League of Legends
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On Wednesday, April 8, a few of the world’s best FPS streamers took on Riot Games developers in Valorant. Riot had announced the matches earlier that day, all while boasting that their devs were the world’s top players in the game.
To test this claim, Valorant brought together some of the most feared FPS champions together on one team. Micheal ‘Shroud’ Grzesiek, Tyler ‘Skadoodle’ Latham, Jaryd ‘Summit1g’ Lazar, Coby ‘Dizzy’ Meadows, and Erik ‘Fl0m’ Flom made up this super team. Meanwhile, the opposing side was filled with Valorant game devs who were determined to show the streamers a thing or two. Finally, popular esports commentator Alex ‘Goldenboy’ Mendez and League of Legends commentator Rivington ‘Rivington’ Bisland III hosted these games.
Before today, the best VALORANT players also happened to work on our team. Let's see how our devs fare against some of the best in the world. Tune in tonight, April 8 @ 7pm PT on @summit1g @shroud @Ska @dizzy or @fl0mtv's streams to see if we can beat them at… our own game.
— VALORANT (@PlayVALORANT) April 8, 2020
Valorant vs CSGO
Many believed that the streamers would dominate the game developers, despite the devs knowing the maps and characters inside out. This theory was backed by the fact that many of the streamers were some of the top retired/inactive CSGO players.
Valorant has often been compared to the popular FPS title due to the similar objective the games share. In both CSGO and Valorant, the goal is to be the first team to reach thirteen round wins. To obtain this, you must either eliminate the opponent or plant the bomb – or, in Valorant‘s case, the spike. The difference is in the characters. CSGO‘s playable characters don’t have any individually special traits, while Valorant‘s wide variety of agents add a lot of depth to the game.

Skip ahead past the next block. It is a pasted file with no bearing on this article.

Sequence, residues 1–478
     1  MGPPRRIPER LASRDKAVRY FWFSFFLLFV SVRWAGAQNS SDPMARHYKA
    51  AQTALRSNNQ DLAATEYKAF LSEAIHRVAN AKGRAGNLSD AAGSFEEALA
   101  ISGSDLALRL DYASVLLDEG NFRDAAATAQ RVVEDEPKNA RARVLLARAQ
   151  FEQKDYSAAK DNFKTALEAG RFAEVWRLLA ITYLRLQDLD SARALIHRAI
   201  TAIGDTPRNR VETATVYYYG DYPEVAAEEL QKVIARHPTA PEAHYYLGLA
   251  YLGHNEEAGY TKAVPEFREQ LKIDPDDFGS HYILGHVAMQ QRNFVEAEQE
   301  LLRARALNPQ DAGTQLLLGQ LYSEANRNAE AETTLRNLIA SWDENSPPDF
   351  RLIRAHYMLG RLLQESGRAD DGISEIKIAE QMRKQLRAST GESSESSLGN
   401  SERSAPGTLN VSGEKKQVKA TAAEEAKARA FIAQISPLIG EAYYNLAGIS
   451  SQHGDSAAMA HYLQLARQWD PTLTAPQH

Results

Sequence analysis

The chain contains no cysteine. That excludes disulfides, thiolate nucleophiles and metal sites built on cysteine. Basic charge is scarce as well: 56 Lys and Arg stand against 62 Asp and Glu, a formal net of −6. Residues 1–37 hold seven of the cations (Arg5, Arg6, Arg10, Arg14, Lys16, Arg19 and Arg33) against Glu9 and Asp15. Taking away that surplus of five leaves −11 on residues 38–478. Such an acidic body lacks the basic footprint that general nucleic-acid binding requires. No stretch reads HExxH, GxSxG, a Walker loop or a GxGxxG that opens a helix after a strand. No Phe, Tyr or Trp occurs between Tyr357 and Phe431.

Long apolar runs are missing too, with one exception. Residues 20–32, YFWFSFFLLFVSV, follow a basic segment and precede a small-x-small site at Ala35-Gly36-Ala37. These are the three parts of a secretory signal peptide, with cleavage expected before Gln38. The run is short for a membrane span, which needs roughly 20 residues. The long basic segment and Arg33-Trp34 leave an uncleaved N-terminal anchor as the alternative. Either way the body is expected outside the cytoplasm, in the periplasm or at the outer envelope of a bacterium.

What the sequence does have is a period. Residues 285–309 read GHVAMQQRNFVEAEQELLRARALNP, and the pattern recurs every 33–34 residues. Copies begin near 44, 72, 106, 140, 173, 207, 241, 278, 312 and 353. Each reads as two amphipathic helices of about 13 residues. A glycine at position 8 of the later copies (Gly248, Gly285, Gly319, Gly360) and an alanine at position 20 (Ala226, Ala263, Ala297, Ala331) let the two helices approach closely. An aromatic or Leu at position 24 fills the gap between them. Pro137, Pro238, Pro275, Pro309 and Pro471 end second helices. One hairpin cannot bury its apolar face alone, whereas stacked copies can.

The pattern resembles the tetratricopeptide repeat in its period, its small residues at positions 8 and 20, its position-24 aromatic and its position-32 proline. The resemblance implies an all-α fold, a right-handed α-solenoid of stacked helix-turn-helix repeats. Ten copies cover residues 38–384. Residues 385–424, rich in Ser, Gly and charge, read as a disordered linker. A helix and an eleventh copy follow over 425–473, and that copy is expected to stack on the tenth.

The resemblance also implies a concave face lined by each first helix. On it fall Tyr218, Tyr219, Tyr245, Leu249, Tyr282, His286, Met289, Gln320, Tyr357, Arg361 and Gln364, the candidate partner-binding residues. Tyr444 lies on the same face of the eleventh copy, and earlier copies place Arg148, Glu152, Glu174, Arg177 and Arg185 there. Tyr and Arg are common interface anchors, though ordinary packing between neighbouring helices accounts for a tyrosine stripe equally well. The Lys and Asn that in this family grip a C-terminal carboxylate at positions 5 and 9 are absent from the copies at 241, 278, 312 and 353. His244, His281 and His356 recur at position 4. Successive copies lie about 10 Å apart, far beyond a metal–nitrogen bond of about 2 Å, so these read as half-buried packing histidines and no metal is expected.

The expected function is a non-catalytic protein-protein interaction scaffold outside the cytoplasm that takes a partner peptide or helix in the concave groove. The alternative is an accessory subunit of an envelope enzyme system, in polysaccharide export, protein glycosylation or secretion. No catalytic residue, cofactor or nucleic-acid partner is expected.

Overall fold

The matches were played last night, and expectations were quickly quashed. Even with the extensive competitive background between all five streamers, the streamers never stood a chance against the Valorant devs. Across three maps, the streamers only managed to win ten rounds. The final tally was 13-3 on the Blind map, 13-5 on Haven, and 13-2 on Split.
If you’d like to watch the stream for yourself, you can check Goldenboy’s video out here (the matches start around 2:04:30). You can also see things from the streamers’ perspective in the video below.
Who did you think would win? Let us know in the comments! For more Valorant coverage, stay tuned to Daily Esports.
Danny Appleford is an esports journalist for Upcomer that started writing for Daily Esports in 2020. He now specializes in articles surrounding League of Legends, Call of Duty, VALORANT and Halo.